A Community Engagement Strategy for Negotiating a Package of Community Benefits

Sit-Down with Key Protagonists

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This stage arises when a breakdown occurs and meetings need to be suspended so that the leader and affected parties can sit down separately and off-line.

This stage arises when a breakdown occurs—of such major impact—that the meetings need to be suspended. Typically, two or perhaps three “camps” within the community become uneasy with one another’s perspectives or demands as the process unfolds. Sometimes, historical disputes might underlie the tension; at other times, differences evolve between parties as the meetings proceed.

If the disagreement flares beyond rational discussion, someone may simply walk out. The meeting may be halted if the facilitator determines that the meeting has become too unruly for further progress. If it comes to that, it is time for the facilitator and the affected parties to sit down away from the meeting. Sometimes it is helpful to involve elders or other influential members in these small group discussions.

This may take a single meeting or several. After adequate discussion, the facilitator encourages each contending party to understand the worldview of the others—not to persuade anyone that the other party’s view is “right,” but rather simply to accept the other party’s view as it is.

The goal is to address and sufficiently resolve the animosity between “warring camps” to bring them back to the table for further problem solving and negotiation.

  • Organize a process that allows each side to speak to the facilitator separately before resuming discussion with one another.
  • In separate meetings, encourage each group to think about itself—its own needs and its own worldview.
  • Apply techniques to help each party understand the other’s view, so that the differing worldviews are seen as having their own integrity.
  • Typically there is no ritual handshake, or apology, or expression of agreement with the other side. In community engagement processes, too much baggage is sometimes associated with those types of ritual. No joint session or formal declaration of understanding is necessary either.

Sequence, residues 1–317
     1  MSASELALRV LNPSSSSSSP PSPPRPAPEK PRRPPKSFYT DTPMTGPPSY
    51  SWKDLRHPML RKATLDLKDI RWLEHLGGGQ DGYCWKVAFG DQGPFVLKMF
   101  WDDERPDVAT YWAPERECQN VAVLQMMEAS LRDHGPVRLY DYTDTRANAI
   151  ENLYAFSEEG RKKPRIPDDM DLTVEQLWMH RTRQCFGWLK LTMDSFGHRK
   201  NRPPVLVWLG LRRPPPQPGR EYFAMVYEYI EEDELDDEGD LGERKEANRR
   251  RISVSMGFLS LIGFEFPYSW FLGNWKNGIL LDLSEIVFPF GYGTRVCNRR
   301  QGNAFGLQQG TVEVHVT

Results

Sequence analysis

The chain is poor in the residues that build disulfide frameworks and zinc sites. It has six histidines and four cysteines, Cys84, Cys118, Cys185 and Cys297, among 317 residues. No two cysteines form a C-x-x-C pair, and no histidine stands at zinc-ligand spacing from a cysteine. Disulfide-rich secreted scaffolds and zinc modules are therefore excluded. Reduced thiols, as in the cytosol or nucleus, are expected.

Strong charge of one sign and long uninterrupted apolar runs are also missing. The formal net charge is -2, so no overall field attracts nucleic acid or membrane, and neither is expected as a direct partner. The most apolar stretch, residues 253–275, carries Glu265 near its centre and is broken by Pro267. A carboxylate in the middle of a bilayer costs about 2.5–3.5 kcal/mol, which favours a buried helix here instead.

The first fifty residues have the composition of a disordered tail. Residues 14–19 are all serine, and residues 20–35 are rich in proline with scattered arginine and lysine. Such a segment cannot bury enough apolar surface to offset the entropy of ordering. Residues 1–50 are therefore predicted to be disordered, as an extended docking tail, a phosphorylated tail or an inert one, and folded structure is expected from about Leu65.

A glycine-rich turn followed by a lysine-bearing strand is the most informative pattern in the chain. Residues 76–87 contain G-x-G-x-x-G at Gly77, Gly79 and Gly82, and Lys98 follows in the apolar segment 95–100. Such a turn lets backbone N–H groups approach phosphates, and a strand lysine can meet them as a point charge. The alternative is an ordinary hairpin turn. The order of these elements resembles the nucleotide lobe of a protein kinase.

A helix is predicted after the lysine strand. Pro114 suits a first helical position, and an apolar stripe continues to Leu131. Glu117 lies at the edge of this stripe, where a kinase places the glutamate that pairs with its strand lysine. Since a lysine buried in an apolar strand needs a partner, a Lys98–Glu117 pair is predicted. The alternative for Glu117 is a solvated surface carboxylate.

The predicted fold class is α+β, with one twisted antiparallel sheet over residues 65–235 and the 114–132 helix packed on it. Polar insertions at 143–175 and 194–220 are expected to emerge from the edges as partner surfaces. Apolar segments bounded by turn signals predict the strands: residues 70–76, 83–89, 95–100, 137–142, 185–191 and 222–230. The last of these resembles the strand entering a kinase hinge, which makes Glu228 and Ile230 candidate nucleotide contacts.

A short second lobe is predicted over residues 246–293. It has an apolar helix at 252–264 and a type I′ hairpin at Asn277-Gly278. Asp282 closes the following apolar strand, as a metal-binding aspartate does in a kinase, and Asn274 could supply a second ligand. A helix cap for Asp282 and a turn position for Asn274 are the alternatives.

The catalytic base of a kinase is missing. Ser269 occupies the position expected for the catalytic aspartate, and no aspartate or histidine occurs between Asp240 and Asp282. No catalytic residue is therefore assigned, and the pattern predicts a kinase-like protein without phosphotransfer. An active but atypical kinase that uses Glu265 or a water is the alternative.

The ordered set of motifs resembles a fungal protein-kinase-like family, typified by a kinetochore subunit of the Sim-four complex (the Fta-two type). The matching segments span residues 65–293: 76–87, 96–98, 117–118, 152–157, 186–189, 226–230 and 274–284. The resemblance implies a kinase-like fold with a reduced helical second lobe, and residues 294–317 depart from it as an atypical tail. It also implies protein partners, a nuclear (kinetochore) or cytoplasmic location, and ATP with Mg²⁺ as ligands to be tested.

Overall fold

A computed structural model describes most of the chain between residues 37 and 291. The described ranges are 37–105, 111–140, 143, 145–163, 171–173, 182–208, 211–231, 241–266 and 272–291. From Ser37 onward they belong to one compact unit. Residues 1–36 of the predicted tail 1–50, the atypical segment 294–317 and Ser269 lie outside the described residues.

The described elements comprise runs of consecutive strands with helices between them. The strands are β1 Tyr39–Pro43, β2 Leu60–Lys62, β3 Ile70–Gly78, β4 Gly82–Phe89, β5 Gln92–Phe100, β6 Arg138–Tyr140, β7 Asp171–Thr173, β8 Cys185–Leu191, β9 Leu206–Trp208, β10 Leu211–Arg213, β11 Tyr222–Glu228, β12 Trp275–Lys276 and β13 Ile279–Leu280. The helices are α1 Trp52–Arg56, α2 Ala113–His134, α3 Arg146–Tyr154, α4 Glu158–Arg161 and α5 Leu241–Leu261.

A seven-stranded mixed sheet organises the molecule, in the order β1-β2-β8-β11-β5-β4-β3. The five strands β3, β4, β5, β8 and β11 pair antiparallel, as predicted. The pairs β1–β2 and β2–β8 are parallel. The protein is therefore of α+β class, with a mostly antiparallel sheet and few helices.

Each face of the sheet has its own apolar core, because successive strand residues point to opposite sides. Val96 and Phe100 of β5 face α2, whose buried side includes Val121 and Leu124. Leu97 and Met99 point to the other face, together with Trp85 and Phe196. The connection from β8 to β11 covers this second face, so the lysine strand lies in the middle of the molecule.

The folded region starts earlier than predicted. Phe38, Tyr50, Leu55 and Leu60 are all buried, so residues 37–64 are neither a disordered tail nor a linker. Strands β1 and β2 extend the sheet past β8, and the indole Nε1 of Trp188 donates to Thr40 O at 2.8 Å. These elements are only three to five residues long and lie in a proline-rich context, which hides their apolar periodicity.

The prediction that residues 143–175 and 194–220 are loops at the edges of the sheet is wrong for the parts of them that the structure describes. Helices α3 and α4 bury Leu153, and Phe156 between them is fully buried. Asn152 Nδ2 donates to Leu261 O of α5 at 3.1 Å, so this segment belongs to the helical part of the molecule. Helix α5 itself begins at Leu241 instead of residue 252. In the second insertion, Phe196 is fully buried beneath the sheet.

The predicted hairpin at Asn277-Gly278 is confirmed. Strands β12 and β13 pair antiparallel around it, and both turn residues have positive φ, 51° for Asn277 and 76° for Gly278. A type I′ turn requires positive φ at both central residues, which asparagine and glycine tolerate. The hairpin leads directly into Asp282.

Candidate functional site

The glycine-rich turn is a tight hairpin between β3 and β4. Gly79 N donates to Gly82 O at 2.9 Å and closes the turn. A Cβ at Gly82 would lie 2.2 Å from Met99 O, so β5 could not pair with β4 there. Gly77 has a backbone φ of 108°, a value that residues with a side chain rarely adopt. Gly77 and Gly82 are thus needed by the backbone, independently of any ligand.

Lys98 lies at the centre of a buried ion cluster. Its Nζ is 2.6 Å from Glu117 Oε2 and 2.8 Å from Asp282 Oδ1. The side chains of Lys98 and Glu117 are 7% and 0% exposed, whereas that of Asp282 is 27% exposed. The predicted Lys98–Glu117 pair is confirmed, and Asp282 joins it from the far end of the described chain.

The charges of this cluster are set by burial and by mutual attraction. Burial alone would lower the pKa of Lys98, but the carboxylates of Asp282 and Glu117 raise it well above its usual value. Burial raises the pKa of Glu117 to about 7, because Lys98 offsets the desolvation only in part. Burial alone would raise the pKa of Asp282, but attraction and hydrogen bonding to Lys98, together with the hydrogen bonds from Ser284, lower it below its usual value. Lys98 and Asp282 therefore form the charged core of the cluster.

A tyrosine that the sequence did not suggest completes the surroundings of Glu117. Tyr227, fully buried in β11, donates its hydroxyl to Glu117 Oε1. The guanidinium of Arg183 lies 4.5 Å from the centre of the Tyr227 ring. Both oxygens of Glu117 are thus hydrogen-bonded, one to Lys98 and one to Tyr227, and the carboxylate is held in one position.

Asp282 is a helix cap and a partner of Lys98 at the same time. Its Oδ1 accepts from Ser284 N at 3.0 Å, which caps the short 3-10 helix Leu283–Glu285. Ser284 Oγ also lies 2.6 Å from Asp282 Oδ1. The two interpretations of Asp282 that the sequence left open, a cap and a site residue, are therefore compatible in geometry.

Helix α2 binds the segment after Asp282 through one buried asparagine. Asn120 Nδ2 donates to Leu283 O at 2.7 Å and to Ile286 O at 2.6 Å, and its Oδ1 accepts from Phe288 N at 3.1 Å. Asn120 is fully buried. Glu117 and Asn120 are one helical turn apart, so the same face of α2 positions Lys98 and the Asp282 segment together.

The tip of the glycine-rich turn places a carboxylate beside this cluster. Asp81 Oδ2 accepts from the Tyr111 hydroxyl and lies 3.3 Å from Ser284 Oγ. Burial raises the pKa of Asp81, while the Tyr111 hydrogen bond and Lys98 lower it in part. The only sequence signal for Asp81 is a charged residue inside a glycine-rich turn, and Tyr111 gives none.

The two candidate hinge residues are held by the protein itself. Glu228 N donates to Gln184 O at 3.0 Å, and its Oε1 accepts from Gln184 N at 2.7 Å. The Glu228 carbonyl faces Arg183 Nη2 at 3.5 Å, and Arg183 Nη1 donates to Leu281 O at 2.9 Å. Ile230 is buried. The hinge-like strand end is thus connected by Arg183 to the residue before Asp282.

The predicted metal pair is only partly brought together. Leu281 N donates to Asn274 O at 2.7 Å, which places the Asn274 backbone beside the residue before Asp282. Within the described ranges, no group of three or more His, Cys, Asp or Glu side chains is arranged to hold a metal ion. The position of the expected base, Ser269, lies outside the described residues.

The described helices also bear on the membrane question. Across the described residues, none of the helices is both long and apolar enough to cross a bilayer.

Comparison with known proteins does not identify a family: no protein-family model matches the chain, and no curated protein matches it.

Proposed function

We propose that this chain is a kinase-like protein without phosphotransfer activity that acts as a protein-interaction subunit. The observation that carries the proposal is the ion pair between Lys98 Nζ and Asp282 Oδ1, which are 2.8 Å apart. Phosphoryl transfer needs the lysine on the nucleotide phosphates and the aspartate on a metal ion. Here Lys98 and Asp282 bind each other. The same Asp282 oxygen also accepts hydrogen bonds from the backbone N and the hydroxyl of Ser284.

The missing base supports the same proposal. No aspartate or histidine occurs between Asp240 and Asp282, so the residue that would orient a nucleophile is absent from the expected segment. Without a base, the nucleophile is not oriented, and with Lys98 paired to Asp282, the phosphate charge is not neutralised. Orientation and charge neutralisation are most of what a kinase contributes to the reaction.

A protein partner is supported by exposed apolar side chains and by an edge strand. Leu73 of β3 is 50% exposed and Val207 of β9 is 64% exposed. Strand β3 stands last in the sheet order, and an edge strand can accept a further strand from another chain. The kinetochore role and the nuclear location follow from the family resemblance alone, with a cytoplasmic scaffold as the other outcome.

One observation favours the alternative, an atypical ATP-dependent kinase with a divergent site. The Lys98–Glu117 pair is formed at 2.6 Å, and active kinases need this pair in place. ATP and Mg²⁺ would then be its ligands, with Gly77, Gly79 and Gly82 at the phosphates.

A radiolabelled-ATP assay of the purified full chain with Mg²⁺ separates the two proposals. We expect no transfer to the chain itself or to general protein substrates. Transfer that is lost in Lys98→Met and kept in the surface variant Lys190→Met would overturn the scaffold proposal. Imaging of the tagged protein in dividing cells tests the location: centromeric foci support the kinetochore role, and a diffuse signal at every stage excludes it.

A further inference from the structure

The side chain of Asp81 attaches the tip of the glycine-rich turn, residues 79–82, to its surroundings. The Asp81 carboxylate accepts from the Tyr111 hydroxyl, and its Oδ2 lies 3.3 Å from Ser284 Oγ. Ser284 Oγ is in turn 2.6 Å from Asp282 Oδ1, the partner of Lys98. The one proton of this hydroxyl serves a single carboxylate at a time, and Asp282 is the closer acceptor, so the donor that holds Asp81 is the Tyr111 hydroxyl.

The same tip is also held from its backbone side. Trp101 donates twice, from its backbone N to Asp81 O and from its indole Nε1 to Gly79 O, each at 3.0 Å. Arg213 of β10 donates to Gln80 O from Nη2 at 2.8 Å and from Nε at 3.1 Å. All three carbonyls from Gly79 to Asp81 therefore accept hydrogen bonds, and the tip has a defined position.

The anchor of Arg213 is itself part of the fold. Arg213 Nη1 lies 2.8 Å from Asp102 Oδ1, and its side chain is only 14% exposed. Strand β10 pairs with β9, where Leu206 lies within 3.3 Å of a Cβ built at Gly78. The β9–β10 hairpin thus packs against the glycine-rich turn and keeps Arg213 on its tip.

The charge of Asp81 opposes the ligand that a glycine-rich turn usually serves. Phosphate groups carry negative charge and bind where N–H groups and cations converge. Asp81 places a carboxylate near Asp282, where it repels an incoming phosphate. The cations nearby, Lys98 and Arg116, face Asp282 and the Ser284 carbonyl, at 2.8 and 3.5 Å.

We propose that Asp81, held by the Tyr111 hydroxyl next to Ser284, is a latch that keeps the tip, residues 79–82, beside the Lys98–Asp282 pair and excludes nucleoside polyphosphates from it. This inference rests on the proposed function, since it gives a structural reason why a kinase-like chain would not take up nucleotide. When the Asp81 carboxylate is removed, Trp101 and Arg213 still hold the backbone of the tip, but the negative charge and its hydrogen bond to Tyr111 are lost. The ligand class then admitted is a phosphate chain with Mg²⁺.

• In this divided process, there might be a temptation for the protagonists to strike a deal. It’s best to bring the dispute back to the larger group (hopefully, with substantially improved communication). The purpose for doing this work with the group as a whole rather than off-line is to avoid subverting the larger goal of developing the giveback package as a group. Most off-line negotiations involve making refinements in an element of a package—not in deciding whether an element becomes an accepted part of the package.
  • At the point when meeting summaries are sent out, if the process has been suspended, all participants are notified that no further meetings have yet been scheduled. It is important to be thoughtful about how to characterize the break so that undue embarrassment is not brought upon the protagonists. In general, it is better to be vague in print and allow clarification to be made informally. Rather than classic process minutes (noting the time the meeting was called to order and adjourned), meeting summaries can include a description of the meeting (organized by subject) without mention of the drama or group dynamics of the meeting.
  • With each transmittal of minutes (sent both to those who were and were not present) often goes an invitation to all participants to correct anything in the minutes that appears to be inaccurate. Often, no corrections are received. As meetings proceed, participants have to consolidate and compare for themselves the information and progress from one meeting to the next. A better format is to combine minutes of all meetings into one set so that they become cumulative and easier to follow.
  • When meetings are to resume, a message should be sent to all group members with a date and time for the next session. The communication does not refer to anything that happened between the protagonists; it simply indicates that “We will pick up where we left off.” Wording is something like, “Since our last meeting we have been working hard researching and gathering information on the various proposals. This information will be presented at a meeting on May xx.”